Native Speaker Braids (Flemish Eye)
Braids are four musicians from Calgary who started a band while still in high school. They soon moved to Montreal and began inventing a new form of urban electronic folk music - folk, meaning timeless and irreducible, not some knit-purl confessional strummed on acoustic guitar. The band's debut album is what the early adopters of Arcade Fire and Broken Social Scene are going to be listening to and talking about this year.
Lemonade, the first track and single, begins with a kind of trickling, rustling sound, then a couple of siren-like bass notes usher in a bubbling keyboard pattern that feels like waves carrying something to shore. The simple vocal melody rides those waves till it's tossed up high and flies over your head, like some outdoor work-holler sung while many hands labour in rhythm. Just about when an ordinary pop song would start winding down, a glowing instrumental ferment lifts the music through a jubilant sequence of harmonic changes, the song romps toward its end to the refrain "all we want to do is love," and the darkening waves surge up and return everything to the sea.
This adventure is even more charming when you watch the video (attached to this story, above), which shows the band lashing a ludicrously small amount of gear to their bodies, then performing the song as they wander through some deserted rail-lands. The imagery is more than apt for music that feels very well thought out and yet unpretentious and organic in its growth and movement.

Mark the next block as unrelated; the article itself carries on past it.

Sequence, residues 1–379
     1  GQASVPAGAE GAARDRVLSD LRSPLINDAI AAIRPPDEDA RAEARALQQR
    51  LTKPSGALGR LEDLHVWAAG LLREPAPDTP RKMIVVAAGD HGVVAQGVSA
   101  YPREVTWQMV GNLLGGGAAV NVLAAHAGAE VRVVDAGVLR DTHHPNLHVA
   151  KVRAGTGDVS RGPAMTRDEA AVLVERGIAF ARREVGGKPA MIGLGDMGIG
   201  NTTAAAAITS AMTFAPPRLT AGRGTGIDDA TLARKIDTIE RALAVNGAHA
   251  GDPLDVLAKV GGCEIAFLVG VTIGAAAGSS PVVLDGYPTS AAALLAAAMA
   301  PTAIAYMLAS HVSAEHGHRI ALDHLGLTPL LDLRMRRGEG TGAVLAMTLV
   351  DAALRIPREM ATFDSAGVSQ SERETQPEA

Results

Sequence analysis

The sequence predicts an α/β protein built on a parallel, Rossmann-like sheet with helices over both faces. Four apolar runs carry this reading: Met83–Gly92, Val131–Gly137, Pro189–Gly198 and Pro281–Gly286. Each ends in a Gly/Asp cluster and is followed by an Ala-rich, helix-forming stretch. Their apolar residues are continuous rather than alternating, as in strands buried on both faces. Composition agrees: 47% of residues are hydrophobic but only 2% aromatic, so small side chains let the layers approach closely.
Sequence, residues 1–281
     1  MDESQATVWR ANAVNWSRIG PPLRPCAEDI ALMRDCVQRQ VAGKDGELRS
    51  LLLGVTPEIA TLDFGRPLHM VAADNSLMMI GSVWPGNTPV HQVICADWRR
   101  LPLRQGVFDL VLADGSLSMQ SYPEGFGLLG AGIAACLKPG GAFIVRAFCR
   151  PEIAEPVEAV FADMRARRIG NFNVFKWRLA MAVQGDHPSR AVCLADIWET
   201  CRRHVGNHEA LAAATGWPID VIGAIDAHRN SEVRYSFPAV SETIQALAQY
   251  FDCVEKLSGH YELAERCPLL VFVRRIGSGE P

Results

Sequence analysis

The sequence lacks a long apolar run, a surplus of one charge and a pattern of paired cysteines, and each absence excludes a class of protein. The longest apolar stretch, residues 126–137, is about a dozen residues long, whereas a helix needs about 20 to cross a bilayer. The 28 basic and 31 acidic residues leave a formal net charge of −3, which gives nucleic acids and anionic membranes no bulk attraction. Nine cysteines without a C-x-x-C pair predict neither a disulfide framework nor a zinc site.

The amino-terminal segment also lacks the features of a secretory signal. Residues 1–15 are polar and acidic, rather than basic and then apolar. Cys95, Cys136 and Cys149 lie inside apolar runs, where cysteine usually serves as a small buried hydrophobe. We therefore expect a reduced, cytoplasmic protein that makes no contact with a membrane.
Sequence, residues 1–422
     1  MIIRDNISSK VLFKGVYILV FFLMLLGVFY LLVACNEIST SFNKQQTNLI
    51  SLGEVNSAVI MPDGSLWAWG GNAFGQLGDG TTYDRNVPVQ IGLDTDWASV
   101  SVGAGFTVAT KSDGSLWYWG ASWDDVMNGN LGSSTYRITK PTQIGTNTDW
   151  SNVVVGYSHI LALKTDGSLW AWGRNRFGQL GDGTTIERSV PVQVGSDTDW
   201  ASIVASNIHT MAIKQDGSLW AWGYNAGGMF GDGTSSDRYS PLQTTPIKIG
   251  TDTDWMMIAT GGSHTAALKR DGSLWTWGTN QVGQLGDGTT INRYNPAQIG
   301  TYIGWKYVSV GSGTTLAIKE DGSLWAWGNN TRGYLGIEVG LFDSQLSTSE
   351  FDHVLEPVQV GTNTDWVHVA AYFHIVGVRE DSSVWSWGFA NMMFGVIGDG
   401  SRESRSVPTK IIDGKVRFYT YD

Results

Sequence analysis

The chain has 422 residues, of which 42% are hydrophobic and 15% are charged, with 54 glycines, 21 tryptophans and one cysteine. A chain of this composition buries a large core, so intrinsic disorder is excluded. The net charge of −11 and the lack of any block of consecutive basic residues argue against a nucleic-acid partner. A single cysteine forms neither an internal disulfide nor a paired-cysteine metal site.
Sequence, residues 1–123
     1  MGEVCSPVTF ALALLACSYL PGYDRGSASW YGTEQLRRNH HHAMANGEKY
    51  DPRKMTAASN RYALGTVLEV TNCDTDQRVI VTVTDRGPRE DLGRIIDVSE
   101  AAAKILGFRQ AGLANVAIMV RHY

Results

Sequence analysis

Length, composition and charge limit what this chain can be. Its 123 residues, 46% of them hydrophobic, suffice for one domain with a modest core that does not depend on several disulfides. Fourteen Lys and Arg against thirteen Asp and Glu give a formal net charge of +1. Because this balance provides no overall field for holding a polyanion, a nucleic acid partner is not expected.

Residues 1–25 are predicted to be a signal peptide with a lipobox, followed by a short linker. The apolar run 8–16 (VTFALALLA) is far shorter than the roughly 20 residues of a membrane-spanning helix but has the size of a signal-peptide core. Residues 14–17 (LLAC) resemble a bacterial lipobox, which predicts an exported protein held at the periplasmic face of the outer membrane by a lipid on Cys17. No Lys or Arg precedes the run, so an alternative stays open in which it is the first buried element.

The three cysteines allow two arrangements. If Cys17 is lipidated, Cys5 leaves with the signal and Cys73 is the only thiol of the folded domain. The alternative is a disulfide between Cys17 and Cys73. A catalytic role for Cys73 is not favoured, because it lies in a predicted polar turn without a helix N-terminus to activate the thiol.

All of these expansive compositions (there are seven, lasting 45 minutes) are built on patterns that repeat and shift until they retrieve some shiny new radiance from the simplest of structures - usually, an unmodulating triad. This method and its shimmering results - the end of Plath Heart is especially moving - have a few genes in common with American minimalism, especially that of West Coast types like Terry Riley and Daniel Lentz. Voices tend to get instrumentalized; in a late section of Glass Deers, named perhaps for another pattern-happy composer, the voices mimic the staccato pulsing of the keyboard patterns.
Lead vocalist Raphaelle Standell-Preston is a real chameleon, who can shift in seconds from an opaque white tone to a full-on strident wail that brings some rock 'n' roll tension to these gleaming environments. Her delivery is playful and her language is often profane, as if you can only get to a point of transcendence by bringing the fair and the foul together.
The later tracks show the band's roots in African music most plainly, in the resonant chiming guitars of Little Hand, and in Standell-Preston's flat-out presentation (in Same Mum) of a plain strong melody that cries out for a whole village to join in. Actually, everything on this pattern-friendly record is melodic. Very little occurs without some kind of melodic variation or added counterpoint that draws the ear further in with each repetition.
Somebody please take this record away from me. I can't stop listening to it.
Braids plays Montreal's La Sala Rossa on Jan. 20, Mavericks in Ottawa on Jan. 21 and the El Mocambo in Toronto on Feb. 19, with other dates in Quebec City; Laval, Que.; and Kingston.